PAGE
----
为什么我不能在EF4.1中先用同样的poco代码来投射我的数据?[英] Why can I not use the same poco in code first in EF4.1 to project my data?

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问题描述

考虑以下senario:我的项目中有一个代码与Poco Object Animal有一个代码模型.动物行有50个属性,我只想在我的应用中其中5个.因此,我将尝试将5个属性投射到这样的Poco对象

List<Animal> animals = (from an in dbContext.Animal 
                        where an.IsMammal
                        select new Animal { Id = an.Id , Color = an.Color , Height = an.Height, Width = an.Width , Hair = an.Hair }).ToList();

不为动物工作是一个强壮的物体,不能转换为SQL.

,如果我声明新的poco,与动物完全相同,一个人说动物

List<AnimalDTO> animals = (from an in dbContext.Animal 
                        where an.IsMammal
                        select new AnimalDTO { Id = an.Id , Color = an.Color , Height = an.Height, Width = an.Width , Hair = an.Hair }).ToList();

我知道,就实体框架而言,动物的这种情况是映射的类.我想了解的是内部工作,使一种情况成为有效的选择,而第二个情况则不是.为什么.NET不允许使用POCO对象本质上是什么?是否有原因或仅仅是缺少功能?是否有任何解决方法可以使用第一个陈述,以便我可以避免制作数百个基本相同的DTO?

推荐答案

我找不到解释EF限制的任何链接.当前的EF(6)源也不是太交流.在抛出例外的情况下,它只说

//不支持名义类型

所以我一直在思考它一段时间.

我认为最重要的是您可以真正弄乱它.更正式说明:您可以创建EF不认为是有效状态的实体对象.假设您的Animal有一个对Zoo的引用,也有ZooId属性.您可以将Zoo A放入Zoo B的参考值和ID值中.

然后有跟踪实体的点.当你做

dbContext.Animal.ToList()

Animal对象由EF本身实现.它们被添加到上下文的缓存和更改跟踪器中.如果您能够直接投射到实体对象,也许不够明显,以至于它们不会被跟踪.

.

假设您要给所有妈妈提供相同的颜色.看起来很明显:

    var animals = (from an in dbContext.Animal 
        where an.IsMammal
        select new Animal { Id = an.Id , Color = myColorVariable, .... });
    dbContext.SaveChanges();

但是你不能. EF只想跟踪它已经实现的实体,因此它可以相信它们处于有效状态.

顺便说一句,如果您在投影之前将 .AsEnumerable() 放置,则可以做自己想做的事情. AsEnumerable ef失控之后.同样,您可以将有效的Animal对象(由EF实现),并为其分配一个非匹配Zoo对象.当EF再次获得控制时,问题将出现,例如当您尝试保存更改时.

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问题描述

Consider the following senario: I have a code first model in my project with the Poco object Animal. The animal row has 50 properties and I only want 5 of them in my application. So I will try to project the 5 properties to a Poco object like this

List<Animal> animals = (from an in dbContext.Animal 
                        where an.IsMammal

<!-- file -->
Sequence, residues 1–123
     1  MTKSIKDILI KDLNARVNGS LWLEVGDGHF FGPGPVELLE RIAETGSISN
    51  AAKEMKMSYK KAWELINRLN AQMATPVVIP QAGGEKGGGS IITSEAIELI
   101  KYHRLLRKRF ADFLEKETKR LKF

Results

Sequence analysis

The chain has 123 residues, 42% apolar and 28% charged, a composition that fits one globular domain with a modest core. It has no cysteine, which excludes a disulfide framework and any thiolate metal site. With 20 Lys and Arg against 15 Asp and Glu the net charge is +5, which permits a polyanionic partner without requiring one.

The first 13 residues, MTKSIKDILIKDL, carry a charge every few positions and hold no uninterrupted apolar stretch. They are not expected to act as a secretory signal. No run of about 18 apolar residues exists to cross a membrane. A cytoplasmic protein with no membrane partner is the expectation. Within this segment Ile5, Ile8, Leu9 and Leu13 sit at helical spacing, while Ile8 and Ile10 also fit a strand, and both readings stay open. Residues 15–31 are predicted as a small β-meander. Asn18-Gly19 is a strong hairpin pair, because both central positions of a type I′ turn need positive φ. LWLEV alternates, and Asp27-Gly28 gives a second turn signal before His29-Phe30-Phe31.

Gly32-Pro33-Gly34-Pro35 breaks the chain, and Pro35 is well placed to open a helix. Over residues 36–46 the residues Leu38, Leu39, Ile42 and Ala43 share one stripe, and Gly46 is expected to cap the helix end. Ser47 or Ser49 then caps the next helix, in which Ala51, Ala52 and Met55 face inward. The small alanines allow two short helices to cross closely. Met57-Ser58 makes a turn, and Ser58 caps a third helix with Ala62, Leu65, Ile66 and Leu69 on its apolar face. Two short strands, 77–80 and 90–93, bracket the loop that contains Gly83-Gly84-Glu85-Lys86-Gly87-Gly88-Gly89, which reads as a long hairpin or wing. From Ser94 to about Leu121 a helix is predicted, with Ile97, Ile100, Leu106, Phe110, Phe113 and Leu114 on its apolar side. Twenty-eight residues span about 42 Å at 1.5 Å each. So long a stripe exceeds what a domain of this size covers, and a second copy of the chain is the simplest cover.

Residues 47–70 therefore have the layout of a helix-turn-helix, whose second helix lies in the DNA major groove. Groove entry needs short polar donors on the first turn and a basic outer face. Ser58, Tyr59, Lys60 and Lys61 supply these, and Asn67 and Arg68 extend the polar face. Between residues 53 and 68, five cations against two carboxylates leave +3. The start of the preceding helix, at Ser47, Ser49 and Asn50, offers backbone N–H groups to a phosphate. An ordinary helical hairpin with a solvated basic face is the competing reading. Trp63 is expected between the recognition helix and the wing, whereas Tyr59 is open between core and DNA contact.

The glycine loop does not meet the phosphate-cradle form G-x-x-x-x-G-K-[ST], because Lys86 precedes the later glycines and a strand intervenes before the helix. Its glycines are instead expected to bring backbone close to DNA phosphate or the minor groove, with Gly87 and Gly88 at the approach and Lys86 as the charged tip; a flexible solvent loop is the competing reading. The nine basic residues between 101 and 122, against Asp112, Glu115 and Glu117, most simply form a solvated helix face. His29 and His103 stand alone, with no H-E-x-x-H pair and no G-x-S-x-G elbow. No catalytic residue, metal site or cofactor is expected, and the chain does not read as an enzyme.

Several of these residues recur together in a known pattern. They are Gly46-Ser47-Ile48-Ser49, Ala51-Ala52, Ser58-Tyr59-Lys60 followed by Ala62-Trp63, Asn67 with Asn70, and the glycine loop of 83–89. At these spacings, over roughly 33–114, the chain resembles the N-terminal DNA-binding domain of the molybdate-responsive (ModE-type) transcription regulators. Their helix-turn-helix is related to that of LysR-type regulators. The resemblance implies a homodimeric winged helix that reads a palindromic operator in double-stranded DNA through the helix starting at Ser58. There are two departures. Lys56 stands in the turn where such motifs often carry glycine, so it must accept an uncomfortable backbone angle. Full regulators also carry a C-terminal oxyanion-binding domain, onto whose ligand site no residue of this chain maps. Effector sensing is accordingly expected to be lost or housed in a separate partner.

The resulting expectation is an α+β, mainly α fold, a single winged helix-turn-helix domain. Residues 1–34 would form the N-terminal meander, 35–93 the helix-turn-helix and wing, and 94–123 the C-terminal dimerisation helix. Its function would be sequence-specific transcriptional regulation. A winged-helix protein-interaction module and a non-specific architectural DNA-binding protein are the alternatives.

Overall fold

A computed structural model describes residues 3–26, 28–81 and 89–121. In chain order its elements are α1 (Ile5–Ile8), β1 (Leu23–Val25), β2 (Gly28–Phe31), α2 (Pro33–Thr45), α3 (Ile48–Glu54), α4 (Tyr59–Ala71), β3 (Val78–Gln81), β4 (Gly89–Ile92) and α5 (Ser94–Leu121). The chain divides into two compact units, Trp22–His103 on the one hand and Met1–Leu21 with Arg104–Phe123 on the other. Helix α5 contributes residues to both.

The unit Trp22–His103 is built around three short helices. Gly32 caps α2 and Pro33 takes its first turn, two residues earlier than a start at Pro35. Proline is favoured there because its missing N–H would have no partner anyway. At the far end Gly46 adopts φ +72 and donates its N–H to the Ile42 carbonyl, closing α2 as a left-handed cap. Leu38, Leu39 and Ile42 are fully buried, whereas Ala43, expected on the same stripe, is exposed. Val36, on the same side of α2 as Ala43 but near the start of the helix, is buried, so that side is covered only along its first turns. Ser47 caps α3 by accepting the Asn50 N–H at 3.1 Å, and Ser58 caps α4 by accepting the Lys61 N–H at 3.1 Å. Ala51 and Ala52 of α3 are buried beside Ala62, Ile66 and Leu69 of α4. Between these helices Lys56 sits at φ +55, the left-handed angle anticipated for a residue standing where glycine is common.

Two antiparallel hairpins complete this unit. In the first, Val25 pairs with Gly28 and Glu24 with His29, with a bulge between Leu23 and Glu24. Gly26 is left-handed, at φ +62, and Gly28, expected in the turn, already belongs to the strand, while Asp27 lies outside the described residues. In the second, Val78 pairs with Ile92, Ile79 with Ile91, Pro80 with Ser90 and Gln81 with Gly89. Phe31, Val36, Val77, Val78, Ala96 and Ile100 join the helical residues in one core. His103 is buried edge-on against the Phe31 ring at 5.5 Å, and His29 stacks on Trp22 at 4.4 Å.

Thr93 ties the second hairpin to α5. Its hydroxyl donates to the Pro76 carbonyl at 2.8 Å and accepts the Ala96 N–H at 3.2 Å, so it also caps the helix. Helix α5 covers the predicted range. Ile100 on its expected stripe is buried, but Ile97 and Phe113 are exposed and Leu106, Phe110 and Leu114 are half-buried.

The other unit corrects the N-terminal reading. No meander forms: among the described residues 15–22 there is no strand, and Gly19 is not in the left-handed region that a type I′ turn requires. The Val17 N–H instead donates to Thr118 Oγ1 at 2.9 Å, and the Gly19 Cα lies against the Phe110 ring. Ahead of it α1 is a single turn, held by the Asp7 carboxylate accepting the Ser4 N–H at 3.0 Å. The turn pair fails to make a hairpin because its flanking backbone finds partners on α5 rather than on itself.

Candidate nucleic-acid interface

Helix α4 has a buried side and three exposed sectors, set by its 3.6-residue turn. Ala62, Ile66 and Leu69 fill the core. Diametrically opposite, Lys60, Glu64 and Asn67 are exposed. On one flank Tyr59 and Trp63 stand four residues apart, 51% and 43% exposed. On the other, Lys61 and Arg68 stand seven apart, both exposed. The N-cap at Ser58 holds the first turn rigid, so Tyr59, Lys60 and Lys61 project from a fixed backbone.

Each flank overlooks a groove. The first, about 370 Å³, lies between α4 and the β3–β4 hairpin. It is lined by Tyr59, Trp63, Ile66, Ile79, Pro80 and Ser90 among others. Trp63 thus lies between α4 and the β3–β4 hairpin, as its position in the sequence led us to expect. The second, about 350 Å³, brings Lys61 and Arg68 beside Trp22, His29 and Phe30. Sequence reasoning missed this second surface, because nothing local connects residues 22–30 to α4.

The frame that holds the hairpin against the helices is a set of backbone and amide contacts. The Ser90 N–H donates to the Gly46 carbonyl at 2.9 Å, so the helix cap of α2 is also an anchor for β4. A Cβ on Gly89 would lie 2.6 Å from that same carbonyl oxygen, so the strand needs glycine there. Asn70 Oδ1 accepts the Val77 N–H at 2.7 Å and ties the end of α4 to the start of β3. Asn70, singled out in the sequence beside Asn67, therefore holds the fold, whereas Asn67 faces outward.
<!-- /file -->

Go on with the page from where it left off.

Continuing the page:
select new Animal { Id = an.Id , Color = an.Color , Height = an.Height, Width = an.Width , Hair = an.Hair }).ToList();

Is not working for Animal is a StrongTyped object and cannot be converted to sql.

Whereas if I declare a new Poco, exactly the same as the Animal one say AnimalDTO

List<AnimalDTO> animals = (from an in dbContext.Animal 
                        where an.IsMammal
                        select new AnimalDTO { Id = an.Id , Color = an.Color , Height = an.Height, Width = an.Width , Hair = an.Hair }).ToList();

I understand that this happens for Animal is a mapped class as far as Entity Framework is concerned. What I want to understand are the inner workings making the one case a valid option and the second one not. Why does .Net not allow the usage of the Poco object as what it essentially is? Is there a reason for that or is it just a feature missing? Is there any workaround to use the first statement so that I can avoid making hundreds of essentially identical dtos?

推荐答案

I can't find any link where this limitation of EF is explained. The current EF (6) source is not too communicative either. Where the exception is thrown it only says

// nominal types are not supported

So I've been pondering about it for a while.

I think the bottom line is you can make a real mess of it. More formally stated: you can create entity objects that EF would not consider to be in a valid state. Suppose your Animal had a reference to a Zoo and also a ZooId property. You could put zoo A in the reference and id value of zoo B in the Id.

Then there is the point of tracking entities. When you do

dbContext.Animal.ToList()

the Animal objects are materialized by EF itself. They are added to the context's cache and the change tracker. If you were able to project into entity objects directly, maybe it wouldn't be obvious enough that they don't get tracked.

Suppose you were to give all your mamals the same color. It might look obvious to do:

    var animals = (from an in dbContext.Animal 
        where an.IsMammal
        select new Animal { Id = an.Id , Color = myColorVariable, .... });
    dbContext.SaveChanges();

But you can't. EF only wants to track entities it has materialized itself so it can trust they are in a valid state.

By the way, you can do what you want if you put .AsEnumerable() right before you make a projection. After AsEnumerable EF is out of control. Similarly you could take a valid Animal object, materialized by EF, and assign a non-matching Zoo object and ZooId to it. The problems will come when EF gains control again, e.g. when you try to save changes.